[btn]By Hillary Frank, DVM, Dipl. ABVP (avian)[/btn]
Birds hide symptoms of disease until they are very ill. In order to survive in the wild, birds must keep a normal appearance or they will be picked off by predators. As bird owners, we must be able to recognize early symptoms of illness. Any change in appetite, vocalization, activity, and droppings should be brought to the attention of your veterinarian.
Improper diet is the underlying cause of most health problems in pet birds. Their diet should be at least 80 percent of a high quality un-dyed formulated pellet diet and the rest can include dark green leafy (kale, collard greens) or yellow meaty vegetables (squash, sweet potatoes). A seed diet is nutritionally deficient and can be contaminated with insecticides, mold, and bacteria. Excessive calories in diets also encourage abnormal reproductive behaviors and increase health problems.
Clean the cage daily to see the number and consistency of the droppings in a timely manner. Keeping water and food bowls clean is imperative. Feed only the amount of food that you know your bird will eat in one day, and discard any remaining food. Do not leave moist foods in the cage for more than two hours.
Frequently examine your bird for abnormalities. The eyes should be clear, without swelling or redness. The nostrils should be clean, without any discharge, redness or swelling. Feathers should be brightly colored, smooth, shiny, and clean. The vent area should be clean. Skin should be light pink, smooth with very little flaking. Watch for redness or loss of pattern on the underside of feet.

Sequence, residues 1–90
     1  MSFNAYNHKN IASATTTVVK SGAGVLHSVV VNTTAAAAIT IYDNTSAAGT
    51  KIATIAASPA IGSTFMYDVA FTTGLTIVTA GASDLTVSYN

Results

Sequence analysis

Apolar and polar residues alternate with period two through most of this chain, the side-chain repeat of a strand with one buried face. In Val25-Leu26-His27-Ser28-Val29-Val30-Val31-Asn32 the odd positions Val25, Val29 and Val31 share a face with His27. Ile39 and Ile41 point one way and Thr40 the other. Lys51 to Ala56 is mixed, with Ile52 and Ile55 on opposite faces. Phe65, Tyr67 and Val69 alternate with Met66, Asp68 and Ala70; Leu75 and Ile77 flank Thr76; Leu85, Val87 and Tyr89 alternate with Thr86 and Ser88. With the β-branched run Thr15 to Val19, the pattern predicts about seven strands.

Serious signs of illness would include a fluffed bird standing with eyes partially or fully closed at an active time of day, and labored or noisy breathing. These require immediate veterinary attention.
Grooming without a recent examination can lead to sudden death due to underlying health issues. If grooming is done incorrectly, serious injury can occur. During the grooming, a wing can be broken or a toe can be amputated if the bird is not restrained properly. If the wings are cut improperly, the bird may have a tendency to fall, breaking their beak or leg or splitting the skin on the keel. Normal birds don’t need any beak trimming, just smoothing and cosmetic cleaning. Uneven beak wear or excess length usually indicates prior injury, misalignment, infection, or liver disease.
Your bird needs yearly veterinary check-ups just like your dog or cat. Most people are surprised that their seemingly healthy bird has heart disease or infections. Detecting problems early is the best way to avoid losing a bird. Careful observation by the pet bird owner can greatly reduce the number of life-threatening emergencies.
Regular visits to the animal hospital at least every 3-4 months for routine grooming can help monitor for problems by having a veterinary technician screening the bird for obvious problems between the annual veterinary examinations for wellness checks.
Routine care will maximize your bird’s health and life span, and can often reduce the long-term cost of caring for your feathered friend.
Hillary Frank, DVM, Dipl. ABVP (Avian) is the owner of North Central Animal Hospital, P.C., 20 W. Dunlap Ave. She can be reached at 602-395-9773. The information in “Pet Primer” is provided as general information only. For specific advice on your pet’s health, consult your veterinarian.